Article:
Intel Core i9-10900K And i5-10600K Review: Comet Lake-S Arrives
Intel’s 10th Gen Core series desktop processors are still based on the same architecture and leverage the same 14nm++ manufacturing process as their 9th Gen predecessors, but Intel has made numerous changes in an attempt to inject even more performance, efficiency, and value. These new chips have more cores (or threads) up and down the stack, higher peak clocks, and some new features – like thinner slabs of silicon and thicker integrated heat spreaders with more copper to aid cooling. There’s also a new socket bolted to the Z490 chipset to enhance power delivery and a few new features associated with the Z490 chipset as well.
We’ve detailed all of the new stuff coming to this platform in our initial coverage of the announced last month, and also showed off the ASUS Maximum XII Hero WiFi motherboard. If you missed that article, by all means check it out before continuing. What we’ll be showing you here today are a couple of the stand-outs in Intel’s initial 10th Gen Core series line-up – the flagship Core i9-10900K and mid-range Core i5-10600K, to be more specific – along with one of Gigabyte’s enthusiast-class motherboards, the Z490 Aorus Master.
First up, let’s get some specs out of the way and then we’ll dig in and see how Intel’s latest mainstream desktop processor platform holds up against the competition...
Intel Core series processors look much like the previous-gen, though there are some fundamental differences. And despite the new socket and motherboards, they’ll work with all of the same coolers. From the top, there’s not much to see that's all that different from the previous-gen (save for the specific branding), but that integrated heat spreader is actually somewhat thicker than the 9th Gen’s (to account for the thinner die underneath). And although it resembles the 9th Gen, the underside on the 10th Gen is obviously different and is comprised of 1200 pads (versus 1151), along with some surface-mounted components.
The Intel Core i9-10900K’s and Core i5-10600K’s CPU-Z details are outlined in the images above. Both processors are based on the same stepping / revision, but differ in terms of their clocks and core counts. There’s 64K (32K + 32K) of L1 cache per core, 256K of L2 cache per core, and the larger L3 caches are 16-way set associative. Notice the Core i5 now has Hyper-Threaded enabled, so that 6-core processor can handle 12-threads simultaneously. That will result in a significant boost in multi-threaded performance for 10th Gen Core i5 processors. 10th Gen Core i3 and Pentium Gold processors have HT enabled as well, which wasn't always the case on previous-gen processors.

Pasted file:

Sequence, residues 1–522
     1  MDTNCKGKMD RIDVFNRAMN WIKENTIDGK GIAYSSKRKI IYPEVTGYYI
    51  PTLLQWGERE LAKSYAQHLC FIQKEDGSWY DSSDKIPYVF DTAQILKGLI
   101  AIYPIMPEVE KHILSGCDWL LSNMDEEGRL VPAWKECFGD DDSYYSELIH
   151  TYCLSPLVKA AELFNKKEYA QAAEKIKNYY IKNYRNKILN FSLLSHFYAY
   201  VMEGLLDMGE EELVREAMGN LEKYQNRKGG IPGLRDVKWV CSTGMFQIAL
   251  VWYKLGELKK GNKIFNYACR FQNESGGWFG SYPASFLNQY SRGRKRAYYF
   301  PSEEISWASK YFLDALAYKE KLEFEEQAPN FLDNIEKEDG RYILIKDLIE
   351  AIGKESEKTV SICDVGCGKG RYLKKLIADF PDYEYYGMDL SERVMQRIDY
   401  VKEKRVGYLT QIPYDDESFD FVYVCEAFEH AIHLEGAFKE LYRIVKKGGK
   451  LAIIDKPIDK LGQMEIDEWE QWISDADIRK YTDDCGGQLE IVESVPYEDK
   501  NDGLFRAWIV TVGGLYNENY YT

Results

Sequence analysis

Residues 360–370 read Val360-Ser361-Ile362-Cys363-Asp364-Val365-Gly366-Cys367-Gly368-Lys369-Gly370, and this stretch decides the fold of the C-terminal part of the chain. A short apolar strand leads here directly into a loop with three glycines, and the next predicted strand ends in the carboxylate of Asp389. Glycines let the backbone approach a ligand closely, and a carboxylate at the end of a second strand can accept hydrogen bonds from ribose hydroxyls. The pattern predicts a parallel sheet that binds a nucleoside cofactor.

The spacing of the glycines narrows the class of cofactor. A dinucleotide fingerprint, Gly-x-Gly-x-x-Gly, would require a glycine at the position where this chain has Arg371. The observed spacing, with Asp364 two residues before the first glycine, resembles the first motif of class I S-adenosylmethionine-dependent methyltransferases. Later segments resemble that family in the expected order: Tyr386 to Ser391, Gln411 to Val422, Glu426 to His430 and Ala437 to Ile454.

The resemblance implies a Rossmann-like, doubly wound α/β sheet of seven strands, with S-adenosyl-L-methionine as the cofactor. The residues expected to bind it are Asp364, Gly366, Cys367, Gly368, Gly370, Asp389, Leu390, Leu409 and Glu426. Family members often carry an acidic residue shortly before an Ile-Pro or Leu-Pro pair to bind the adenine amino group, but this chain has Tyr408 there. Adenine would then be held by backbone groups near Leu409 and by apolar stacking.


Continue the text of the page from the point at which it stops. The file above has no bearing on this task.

The Gigabyte Z490 Aorus Master MotherboardAlong with the processors, Intel also sent over a Gigabyte Z490 Aorus Master motherboard. Gigabyte has a ton of Z490-based motherboards coming down the pipeline, with the Aorus Master sitting near the top of the stack, a notch or two below the jam-packed Z490 Aorus Xtreme.
As has been in the case for the last few generations of “Master” motherboards from Gigabyte, this one is stacked with goodies including ALC1220VB-based audio with a 125dB SNR, a headphone amp, configurable RBG lighting, server-class digital power circuitry, heatsinks and heat-plates top-and-bottom, metal-reinforced slots, multiple M.2 slots (also with heatsinks), intelligent fan headers, and all the features offered by the Z490 itself.
The Z490 Aorus Master is heavy and sturdy. The board is stiff and rigid and has a premium look and feel all-around. Power on this board is handled by a newly-designed, 14 Phase Digital VRM solution with 90A Smart Power Stages and Tantalum Polymer cap array. The VRM is also outfitted with a very dense array of heatsinks fins and direct-contact heat-pipes to help keep temperatures in check. There’s a metal base-plate on the backside of the PCB as well,to further help dissipate heat, and the power connectors feature solid-pins, which are sturdier and more reliable than the hollow press-fit pins found on many cheaper motherboards.
Like the previous-gen Z390 Aorus Master, this new Z490 Aorus Master is also equipped with hybrid fan pin headers. Gigabyte’s hybrid fan pin headers can auto-sense what type of fan or device is plugged into the header and can tune settings accordingly. For example, the headers can differentiate between a water pump and high-speed, PWM fan, and the headers support up to 3 AMPs each with built-in over-current protection. In addition, eight fan headers are accompanied by headers for additional thermal sensors as well, which can be placed strategically around a system to monitor various temperatures and tune fan speeds accordingly.
The Z490 Aorus Master also features fully-customizable RGB lighting across a few segments of the PCB (for example, in the shielding over the VRM and on the chipset cooler and audio shielding). The lighting can be configured via Gigabyte's “RBG Fusion” app for different modes (pulsing, color cycling, etc. -- 9 modes in total) and there are a couple of additional headers on the board for adding more LED light strips throughout a chassis as well.
The Gigabyte Z490 Aorus Master’s audio comes by way of a Realtek ALC1220-VB codec, paired to an ESS Sabre ES9118 DAC, and high-end WIMA caps and isolation circuitry designed to optimize sound quality. The board is also packing an Intel Multi-Gigabit (2.5G) network controller, Intel 802.11ax Wi-Fi, support for SLI and CrossFire, a POST Code error reporter, XMP status LED, and external power and clear-CMOS switches, among numerous other things.
That’s enough with the particulars, though – let’s get these puppies fired up and see what they can do...